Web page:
Iranian Foreign Minister Mohammad Javad Zarif and the United Nations Secretary General António Guterres have discussed the recent twin terrorist attacks in Tehran and the latest developments in the Middle East.
Zarif, who arrived in the Kazakh capital of Astana on Thursday to attend the Shanghai Cooperation Organization (SCO) summit and the opening ceremony of Astana Expo 2017, met with the UN chief on Friday.
Guterres condemned the terrorist attacks in the Iranian Parliament and the Mausoleum of the late founder of the Islamic Republic, Imam Khomeini, and expressed his sympathy with the Iranian government and nation.
On Wednesday, gunmen stormed Iran’s Parliament and the Mausoleum of Imam Khomeini, in two coordinated attacks. At least 17 people lost their lives and nearly 50 others were wounded in the assaults, which involved shootings and blasts.
The Daesh Takfiri terrorist group claimed responsibility for the near-simultaneous assaults.
The top Iranian diplomat and the UN secretary general also exchanged views about the latest issues in the Middle East, including the Syrian, Iraqi and Yemeni crises.
Pointing to a recent dispute among some Arab countries in the Persian Gulf, Guterres said only dialogue can settle the conflict.
Saudi Arabia and a number of its allies, including Egypt, the United Arab Emirates and Bahrain, severed their diplomatic ties and all land, sea and air contacts with Qatar on Monday, accusing Doha of supporting terrorism and extremism and interfering in their internal affairs, in the biggest diplomatic crisis to hit the region in years.
The UN chief also confirmed Iran’s fulfillment of its commitments under the landmark nuclear agreement, known as the Joint Comprehensive Plan of Action (JCPOA), reached between the Islamic Republic and the P5+1 group of countries.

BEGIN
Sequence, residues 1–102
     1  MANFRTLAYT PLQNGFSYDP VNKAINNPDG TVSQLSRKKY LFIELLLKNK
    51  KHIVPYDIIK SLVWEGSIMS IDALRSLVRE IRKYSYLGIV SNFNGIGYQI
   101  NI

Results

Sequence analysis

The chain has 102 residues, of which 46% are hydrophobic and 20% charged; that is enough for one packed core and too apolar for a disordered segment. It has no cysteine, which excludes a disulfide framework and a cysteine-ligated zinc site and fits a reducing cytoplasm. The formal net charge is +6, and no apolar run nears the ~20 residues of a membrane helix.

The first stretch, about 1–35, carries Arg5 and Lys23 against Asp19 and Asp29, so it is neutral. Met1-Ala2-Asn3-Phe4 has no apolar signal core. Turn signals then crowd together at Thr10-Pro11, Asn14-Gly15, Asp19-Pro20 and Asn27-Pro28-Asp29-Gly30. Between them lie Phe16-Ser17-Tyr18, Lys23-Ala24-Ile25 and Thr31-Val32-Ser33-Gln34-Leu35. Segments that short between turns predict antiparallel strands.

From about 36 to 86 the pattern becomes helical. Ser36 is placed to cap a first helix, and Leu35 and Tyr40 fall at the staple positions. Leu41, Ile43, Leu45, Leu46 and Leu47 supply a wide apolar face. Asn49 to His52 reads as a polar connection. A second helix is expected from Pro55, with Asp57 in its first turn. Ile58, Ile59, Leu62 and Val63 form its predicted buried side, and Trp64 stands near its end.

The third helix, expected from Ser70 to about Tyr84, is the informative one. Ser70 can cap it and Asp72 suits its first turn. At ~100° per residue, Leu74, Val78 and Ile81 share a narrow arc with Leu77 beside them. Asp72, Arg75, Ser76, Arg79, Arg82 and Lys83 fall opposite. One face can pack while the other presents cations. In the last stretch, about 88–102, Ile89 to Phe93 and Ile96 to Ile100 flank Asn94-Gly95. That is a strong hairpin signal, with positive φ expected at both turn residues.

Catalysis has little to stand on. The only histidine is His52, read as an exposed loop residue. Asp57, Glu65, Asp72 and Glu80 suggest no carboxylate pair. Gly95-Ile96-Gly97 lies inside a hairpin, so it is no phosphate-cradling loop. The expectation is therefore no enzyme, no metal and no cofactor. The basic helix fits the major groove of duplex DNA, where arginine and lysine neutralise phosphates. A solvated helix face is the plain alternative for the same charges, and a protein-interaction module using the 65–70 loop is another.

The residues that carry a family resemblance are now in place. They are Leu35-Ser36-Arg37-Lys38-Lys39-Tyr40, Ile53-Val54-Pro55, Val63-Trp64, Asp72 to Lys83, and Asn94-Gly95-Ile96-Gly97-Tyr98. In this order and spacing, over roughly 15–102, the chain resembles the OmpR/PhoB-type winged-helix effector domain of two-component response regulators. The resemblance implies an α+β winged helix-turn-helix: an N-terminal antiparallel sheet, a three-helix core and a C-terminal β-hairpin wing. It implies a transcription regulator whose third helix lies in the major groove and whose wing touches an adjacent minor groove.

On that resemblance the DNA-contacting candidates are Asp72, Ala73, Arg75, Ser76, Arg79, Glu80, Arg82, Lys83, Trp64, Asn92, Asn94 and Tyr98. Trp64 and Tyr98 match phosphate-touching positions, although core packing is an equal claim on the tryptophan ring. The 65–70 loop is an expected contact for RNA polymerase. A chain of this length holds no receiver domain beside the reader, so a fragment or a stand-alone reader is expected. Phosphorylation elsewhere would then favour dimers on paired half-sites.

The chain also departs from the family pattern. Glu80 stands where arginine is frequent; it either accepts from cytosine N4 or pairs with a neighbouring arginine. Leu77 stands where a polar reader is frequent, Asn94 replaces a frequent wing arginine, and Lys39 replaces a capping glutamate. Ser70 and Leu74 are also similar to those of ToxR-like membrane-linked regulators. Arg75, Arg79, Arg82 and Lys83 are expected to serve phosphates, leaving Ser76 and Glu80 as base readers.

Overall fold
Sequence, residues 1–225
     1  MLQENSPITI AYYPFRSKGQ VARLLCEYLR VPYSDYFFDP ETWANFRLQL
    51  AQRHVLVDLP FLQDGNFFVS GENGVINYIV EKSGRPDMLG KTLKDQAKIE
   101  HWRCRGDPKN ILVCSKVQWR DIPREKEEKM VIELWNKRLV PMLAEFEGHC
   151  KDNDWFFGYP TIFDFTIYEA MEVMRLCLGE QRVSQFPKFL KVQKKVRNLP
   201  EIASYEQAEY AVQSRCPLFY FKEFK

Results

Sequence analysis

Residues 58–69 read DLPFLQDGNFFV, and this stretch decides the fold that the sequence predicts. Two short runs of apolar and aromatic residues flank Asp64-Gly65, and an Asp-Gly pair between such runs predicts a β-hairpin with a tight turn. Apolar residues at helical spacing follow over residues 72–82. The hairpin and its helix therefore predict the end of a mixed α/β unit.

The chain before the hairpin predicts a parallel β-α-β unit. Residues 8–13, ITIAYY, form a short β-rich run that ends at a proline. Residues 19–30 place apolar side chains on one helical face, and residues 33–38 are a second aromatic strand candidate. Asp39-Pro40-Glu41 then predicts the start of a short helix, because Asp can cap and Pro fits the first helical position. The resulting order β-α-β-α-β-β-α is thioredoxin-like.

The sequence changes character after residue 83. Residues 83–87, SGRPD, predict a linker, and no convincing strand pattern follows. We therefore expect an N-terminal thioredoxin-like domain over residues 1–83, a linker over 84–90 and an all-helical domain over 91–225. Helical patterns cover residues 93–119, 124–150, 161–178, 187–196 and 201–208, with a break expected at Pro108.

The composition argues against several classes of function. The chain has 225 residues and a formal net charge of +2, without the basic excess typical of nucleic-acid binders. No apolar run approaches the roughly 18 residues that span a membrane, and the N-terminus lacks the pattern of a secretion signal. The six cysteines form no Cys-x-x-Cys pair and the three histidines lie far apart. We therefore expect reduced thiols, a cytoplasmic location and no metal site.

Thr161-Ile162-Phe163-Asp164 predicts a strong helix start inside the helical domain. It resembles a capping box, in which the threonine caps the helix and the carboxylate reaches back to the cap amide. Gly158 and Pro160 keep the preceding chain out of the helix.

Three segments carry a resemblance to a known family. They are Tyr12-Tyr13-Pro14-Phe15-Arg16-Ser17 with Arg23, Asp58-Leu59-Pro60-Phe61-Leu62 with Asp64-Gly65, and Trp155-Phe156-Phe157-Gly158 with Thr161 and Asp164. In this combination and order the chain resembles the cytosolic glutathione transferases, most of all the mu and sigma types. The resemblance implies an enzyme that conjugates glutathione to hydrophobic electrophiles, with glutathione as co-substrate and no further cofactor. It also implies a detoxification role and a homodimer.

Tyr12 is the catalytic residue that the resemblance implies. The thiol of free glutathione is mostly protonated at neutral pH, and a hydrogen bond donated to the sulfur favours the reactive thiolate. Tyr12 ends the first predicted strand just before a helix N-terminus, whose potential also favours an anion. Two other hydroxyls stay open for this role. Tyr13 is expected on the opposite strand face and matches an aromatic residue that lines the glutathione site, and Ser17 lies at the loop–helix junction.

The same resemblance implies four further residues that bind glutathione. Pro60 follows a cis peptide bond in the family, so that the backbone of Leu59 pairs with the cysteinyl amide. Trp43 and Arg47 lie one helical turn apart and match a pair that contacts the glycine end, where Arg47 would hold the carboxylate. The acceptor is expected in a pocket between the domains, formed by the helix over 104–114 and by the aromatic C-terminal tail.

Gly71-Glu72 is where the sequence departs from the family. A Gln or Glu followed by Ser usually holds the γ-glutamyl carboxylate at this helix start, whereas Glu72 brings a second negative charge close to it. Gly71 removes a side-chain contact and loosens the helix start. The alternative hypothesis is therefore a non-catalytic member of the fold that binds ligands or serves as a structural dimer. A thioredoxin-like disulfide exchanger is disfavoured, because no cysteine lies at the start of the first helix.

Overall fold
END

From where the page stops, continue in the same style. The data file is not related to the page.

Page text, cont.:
The official stand of the United Nations is to support the spirit and text of the JCPOA as a historic agreement, he said.
Iran and the five permanent members of the United Nations Security Council – the United States, France, Britain, Russia and China – plus Germany signed the mammoth agreement in July 2015 and started implementing it in January 2016.
Under the JCPOA, Iran undertook to put limitations on its nuclear program in exchange for the removal of nuclear-related sanctions imposed against Tehran.
The International Atomic Energy Agency on June 2 once again confirmed that Iran has been living up to its commitments under the JCPOA.
Iran FM’s meetings
Also on Friday, the Iranian foreign minister held separate meetings with Kazak President Nursultan Nazarbayev and his Russian, Uzbek and Kyrgyz counterparts Sergei Lavrov, Abdulaziz Komilov and Erlan Abdyldaev.
The sides discussed a variety of issues, including terrorist attacks in Tehran, the recent dispute among Arab states and the fight against terrorism in the Middle East as well as ways to bolster bilateral and multilateral cooperation.
On Thursday, Zarif met with Afghan President Ashraf Ghani and Kazakh and Chinese foreign ministers Kairat Abdrakhmanov and Wang Yi, respectively.